How does a radar system create polarized waves? It uses an antenna that is designed to transmit and receive EM waves of a specific polarization. Antennas come in many forms, including horns, waveguides, dipoles and patches. In each case, the electric and mechanical properties of the antenna are such that the transmitted wave is almost purely polarized with a specific design polarization. In a simple radar system, the same antenna is often configured so that it is matched to the same polarization on reception (when an EM wave is incident upon it) .
Signals with components in two orthogonal or basis polarizations are needed to create a wave with an arbitrary polarization. The two most common basis polarizations are horizontal linear or H, and vertical linear or V. Circular polarizations are also in use for some applications, e.g. weather radars. Their basis components are denoted by R for Right Hand Circular and L for Left Hand Circular.
In more complex radar systems, the antenna may be designed to transmit and receive waves at more than one polarization. On transmit, waves of different polarizations can be transmitted separately, using a switch to direct energy to the different parts of the antenna in sequence (e.g. the H and V parts). In some cases the two parts can be used together, for example, a circular polarized signal can be transmitted by feeding the H and V parts of the antenna simultaneously, with signals of equal strength and a 90° phase difference (recall Figure 1-3).
Because the scatterer can change the polarization of the scattered wave to be different from the polarization of the incident wave, the radar antenna is often designed to receive the different polarization components of the EM wave simultaneously. For example, the H and V parts of an antenna can receive the two orthogonal components of the incoming wave, and the system electronics keep these two signals separate.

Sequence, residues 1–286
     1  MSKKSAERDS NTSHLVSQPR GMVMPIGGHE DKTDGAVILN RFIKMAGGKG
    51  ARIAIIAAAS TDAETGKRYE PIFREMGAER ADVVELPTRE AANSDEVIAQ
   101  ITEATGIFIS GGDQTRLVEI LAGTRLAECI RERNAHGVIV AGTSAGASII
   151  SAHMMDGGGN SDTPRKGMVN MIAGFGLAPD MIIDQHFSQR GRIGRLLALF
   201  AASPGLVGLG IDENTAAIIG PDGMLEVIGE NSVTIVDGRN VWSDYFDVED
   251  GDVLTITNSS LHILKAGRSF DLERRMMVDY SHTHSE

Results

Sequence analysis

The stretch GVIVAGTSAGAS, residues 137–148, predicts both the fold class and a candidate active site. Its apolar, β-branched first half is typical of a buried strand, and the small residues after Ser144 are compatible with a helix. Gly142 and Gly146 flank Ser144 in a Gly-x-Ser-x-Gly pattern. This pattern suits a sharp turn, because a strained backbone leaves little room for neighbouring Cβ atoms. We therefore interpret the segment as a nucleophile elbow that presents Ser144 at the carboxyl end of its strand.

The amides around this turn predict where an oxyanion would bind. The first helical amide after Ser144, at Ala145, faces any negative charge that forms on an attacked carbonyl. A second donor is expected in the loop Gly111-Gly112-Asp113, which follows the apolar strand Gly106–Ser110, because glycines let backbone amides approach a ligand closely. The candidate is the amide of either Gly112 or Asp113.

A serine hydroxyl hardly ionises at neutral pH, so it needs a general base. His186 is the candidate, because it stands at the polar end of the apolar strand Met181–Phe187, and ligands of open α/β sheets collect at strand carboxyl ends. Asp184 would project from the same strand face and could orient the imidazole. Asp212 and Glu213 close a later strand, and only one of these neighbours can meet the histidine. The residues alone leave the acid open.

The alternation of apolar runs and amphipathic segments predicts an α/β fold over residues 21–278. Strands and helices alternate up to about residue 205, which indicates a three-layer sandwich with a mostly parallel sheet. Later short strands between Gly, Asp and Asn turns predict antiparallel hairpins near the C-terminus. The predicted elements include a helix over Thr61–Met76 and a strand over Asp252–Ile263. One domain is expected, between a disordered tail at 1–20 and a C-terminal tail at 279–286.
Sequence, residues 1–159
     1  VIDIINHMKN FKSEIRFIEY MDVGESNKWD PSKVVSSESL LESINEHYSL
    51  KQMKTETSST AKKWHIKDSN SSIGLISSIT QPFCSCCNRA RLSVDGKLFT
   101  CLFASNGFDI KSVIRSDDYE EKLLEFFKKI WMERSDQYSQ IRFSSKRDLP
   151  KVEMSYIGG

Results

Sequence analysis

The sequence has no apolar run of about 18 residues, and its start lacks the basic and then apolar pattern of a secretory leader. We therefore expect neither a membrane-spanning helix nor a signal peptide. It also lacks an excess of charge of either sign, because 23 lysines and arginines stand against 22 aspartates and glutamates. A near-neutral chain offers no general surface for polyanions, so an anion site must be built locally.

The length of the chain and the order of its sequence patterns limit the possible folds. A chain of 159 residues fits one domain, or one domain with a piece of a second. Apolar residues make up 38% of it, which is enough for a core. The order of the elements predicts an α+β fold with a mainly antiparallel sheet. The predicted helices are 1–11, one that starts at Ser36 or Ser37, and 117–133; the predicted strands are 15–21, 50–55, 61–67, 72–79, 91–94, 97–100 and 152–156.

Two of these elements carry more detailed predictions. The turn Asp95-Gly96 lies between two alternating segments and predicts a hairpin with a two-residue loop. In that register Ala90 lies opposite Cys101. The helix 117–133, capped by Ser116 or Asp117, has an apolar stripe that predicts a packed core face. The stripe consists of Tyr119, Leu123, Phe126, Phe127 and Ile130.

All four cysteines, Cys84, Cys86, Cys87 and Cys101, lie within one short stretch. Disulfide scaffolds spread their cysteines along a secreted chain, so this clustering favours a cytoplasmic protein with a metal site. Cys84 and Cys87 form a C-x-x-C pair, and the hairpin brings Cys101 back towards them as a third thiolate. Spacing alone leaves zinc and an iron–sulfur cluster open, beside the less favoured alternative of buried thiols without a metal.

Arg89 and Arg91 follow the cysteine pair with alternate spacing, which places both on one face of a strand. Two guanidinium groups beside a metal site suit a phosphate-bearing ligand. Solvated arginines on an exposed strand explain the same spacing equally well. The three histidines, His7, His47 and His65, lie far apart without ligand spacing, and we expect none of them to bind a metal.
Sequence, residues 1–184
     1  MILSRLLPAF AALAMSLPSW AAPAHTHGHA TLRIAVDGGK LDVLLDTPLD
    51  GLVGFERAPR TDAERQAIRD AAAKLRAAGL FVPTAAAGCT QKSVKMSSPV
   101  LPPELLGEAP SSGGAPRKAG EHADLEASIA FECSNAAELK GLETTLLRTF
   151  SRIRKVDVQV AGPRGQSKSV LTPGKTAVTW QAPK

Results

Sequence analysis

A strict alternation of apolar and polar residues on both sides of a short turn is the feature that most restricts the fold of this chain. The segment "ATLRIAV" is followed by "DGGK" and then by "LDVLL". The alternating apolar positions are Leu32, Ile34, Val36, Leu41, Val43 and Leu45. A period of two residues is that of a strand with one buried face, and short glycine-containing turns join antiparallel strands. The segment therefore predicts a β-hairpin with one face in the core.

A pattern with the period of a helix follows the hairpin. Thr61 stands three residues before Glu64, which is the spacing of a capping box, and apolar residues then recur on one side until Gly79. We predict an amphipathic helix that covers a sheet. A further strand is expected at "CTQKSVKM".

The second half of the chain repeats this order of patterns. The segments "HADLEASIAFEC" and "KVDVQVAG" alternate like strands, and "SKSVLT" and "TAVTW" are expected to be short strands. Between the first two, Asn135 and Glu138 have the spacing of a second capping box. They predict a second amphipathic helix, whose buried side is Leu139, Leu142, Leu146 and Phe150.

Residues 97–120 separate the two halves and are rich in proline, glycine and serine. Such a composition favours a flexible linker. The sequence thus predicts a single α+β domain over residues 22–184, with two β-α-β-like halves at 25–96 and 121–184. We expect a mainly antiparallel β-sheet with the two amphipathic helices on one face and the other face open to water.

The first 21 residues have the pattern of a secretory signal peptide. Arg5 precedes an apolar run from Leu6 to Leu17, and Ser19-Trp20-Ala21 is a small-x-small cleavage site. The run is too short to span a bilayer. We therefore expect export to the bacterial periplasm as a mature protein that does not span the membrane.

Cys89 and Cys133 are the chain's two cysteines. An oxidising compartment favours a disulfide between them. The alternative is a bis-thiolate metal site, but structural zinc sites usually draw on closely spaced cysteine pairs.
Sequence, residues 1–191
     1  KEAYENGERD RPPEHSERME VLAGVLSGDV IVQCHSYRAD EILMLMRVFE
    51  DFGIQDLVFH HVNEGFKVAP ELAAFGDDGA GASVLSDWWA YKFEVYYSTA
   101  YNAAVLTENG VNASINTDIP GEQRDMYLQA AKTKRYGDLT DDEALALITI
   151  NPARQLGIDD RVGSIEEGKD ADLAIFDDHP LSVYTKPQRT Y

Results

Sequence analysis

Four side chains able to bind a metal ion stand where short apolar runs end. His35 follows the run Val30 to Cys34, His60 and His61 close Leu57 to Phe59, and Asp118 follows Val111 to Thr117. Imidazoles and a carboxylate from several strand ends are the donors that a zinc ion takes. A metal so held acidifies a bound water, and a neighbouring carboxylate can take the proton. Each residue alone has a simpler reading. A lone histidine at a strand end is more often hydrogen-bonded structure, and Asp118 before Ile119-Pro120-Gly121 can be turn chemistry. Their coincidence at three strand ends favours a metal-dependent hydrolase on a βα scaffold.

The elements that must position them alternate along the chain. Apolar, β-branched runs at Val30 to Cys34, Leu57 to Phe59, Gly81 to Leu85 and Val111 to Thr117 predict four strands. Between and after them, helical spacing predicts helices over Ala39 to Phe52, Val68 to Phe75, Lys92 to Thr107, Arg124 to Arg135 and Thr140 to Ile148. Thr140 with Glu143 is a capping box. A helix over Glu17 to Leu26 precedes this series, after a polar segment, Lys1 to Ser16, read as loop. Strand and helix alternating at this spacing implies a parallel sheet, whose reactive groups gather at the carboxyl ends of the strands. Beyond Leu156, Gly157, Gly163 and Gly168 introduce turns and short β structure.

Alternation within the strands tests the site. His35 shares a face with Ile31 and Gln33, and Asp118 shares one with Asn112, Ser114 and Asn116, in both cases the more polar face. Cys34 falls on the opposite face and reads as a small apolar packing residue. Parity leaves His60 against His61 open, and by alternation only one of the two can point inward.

Denoting the transmit and receive polarizations by a pair of symbols, a radar system using H and V linear polarizations can thus have the following channels:
- HH - for horizontal transmit and horizontal receive,(HH)
- VV - for vertical transmit and vertical receive,(VV)
- HV - for horizontal transmit and vertical receive(HV), and
- VH - for vertical transmit and horizontal receive(VH).
The first two of these polarization combinations are referred to as like-polarized, because the transmit and receive polarizations are the same. The last two combinations are referred to as cross-polarized because the transmit and receive polarizations are orthogonal to one another.
A radar system can have different levels of polarization complexity:
- single polarized - HH or VV or HV or VH
- dual polarized - HH and HV, VV and VH, or HH and VV
- four polarizations - HH, VV, HV, and VH
A quadrature polarized (i.e. polarimetric) radar uses these four polarizations, and measures the phase difference between the channels as well as the magnitudes. Some dual polarized radars also measure the phase difference between channels, as this phase plays an important role in polarimetric information extraction.
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